In the spring, the dirt trail passes sun-drenched spring wildflowers like phacelia and wishbone bush. You will have views north up the canyon, spotting an overlook and the nature center at the start of Falls Trail. As Bill Cull Trail comes to a close, it dips beneath a canopy of trees and descends into the canyon. You’ll pass a wooden seat built into a tree right before it is time to rock hop across the creek to reach a T-junction with the Self Guided Nature Trail.
Turn left and hike up the canyon. After a tenth of a mile on the Self Guided Nature Trail, you will reach the junction with Falls Trail coming down from the Nature Center. Go straight to continue up the canyon on Falls Trail. Pass the check dam, cross the creek and hike 0.7 miles up to the waterfall.
A check dam in the creek along Falls Trail
Monrovia Canyon Park is usually crowded on weekend, so arrive early to get a parking space and find some peace on the trail. The park, operated by the City of Monrovia, is closed on Tuesdays, open from 8 a.m. to 5 p.m. on other weekdays, and open from 7 a.m. to 5 p.m. on weekends. The entrance fee is $5 per vehicle. Bikes are permitted on the roads in Monrovia Canyon Park, but are not allowed on the dirt trails to the waterfall (there is a bike rack at the start of the Self Guided Nature Trail). Dogs are allowed on the trails to Monrovia Falls, so get out and enjoy!
To get to the trailhead: Take the 210 Freeway to Monrovia (east of Arcadia and Pasadena). Take exit 34 onto Myrtle Ave. and drive north for 1.1 miles to Foothill Boulevard. Turn right, drive four blocks to Canyon Boulevard and turn left. Drive north for 1.6 miles to the park entrance station, making a pair of right turns to stay on Canyon Boulevard. The lower lot for Bill Cull Trail is to the left of the entrance station. The nature center is another 0.6 miles up the road.
Trailhead address: 1200 North Canyon Boulevard, Monrovia, CA 91016
Trailhead coordinates: 34.176584, -117.989521 (34° 10′ 35.70″N 117° 59′ 22.27″W)
Use the map below to create your own directions:
This 2.5-mile heads down canyon away from Sturtevant Falls toward a 30-foot waterfall. The lush canyon and the babbling creek are quite calming.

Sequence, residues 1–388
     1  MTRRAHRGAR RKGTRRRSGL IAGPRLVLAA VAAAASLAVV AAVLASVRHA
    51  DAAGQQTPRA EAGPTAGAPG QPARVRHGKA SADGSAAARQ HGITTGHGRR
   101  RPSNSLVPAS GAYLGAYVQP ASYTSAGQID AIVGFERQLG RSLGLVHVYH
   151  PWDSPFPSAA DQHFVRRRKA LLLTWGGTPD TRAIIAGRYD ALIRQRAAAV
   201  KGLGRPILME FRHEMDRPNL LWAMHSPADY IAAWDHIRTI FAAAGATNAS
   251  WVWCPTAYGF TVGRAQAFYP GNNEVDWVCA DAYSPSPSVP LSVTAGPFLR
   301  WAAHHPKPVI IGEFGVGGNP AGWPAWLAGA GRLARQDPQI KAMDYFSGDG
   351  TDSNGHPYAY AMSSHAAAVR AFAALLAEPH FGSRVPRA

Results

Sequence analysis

This 3.25-mile hike visits a 60-foot waterfall and a lush cottage-lined canyon.
|Santa Anita Canyon Loop|
This 9.5-mile loop visits two peaceful creeks in sylvan canyons, passing a 60-foot waterfall and plenty of beautiful wilderness.
|Fish Canyon Falls|
This 4-mile hike starts at a rock quarry with restricted access and ends up at a multi-tiered 80-foot waterfall.
|Azusa Peak (and Glendora Peak) via Garcia Trail|
This 2 2/3-mile or 4 2/3-mile hike ascends Garcia Trail to “the A” and one or two picturesque summits along Glendora Ridge Motorway.
|More trails in the San Gabriel Mountains|
Explore other destinations in the range.
This 4.5-mile hike starts out above and finishes below a 50-foot tall waterfall.
This one mile hike visits a 50-foot waterfall up one of the most scenic canyons in the range.
|Eaton Canyon Falls|
This 3.5-mile hike goes up Eaton Wash to a narrow stretch of Eaton Canyon containing a pleasant 40-foot waterfall.
|Trail Canyon Falls|
This 4-mile hike visits a 40-foot beauty on the east side of the San Gabriel Mountains.
| Cooper Canyon Falls|
This 3-mile hike leaves from Buckhorn Campground and visits a short waterfall in an enchanting glen of tall pines.
|Rubio Canyon Trail|
This 1.3-mile round trip hike ventures into a rustic canyon to a double waterfall.
|More waterfalls around Los Angeles|
Explore other waterfalls in the Santa Monica and San Gabriel Mountains.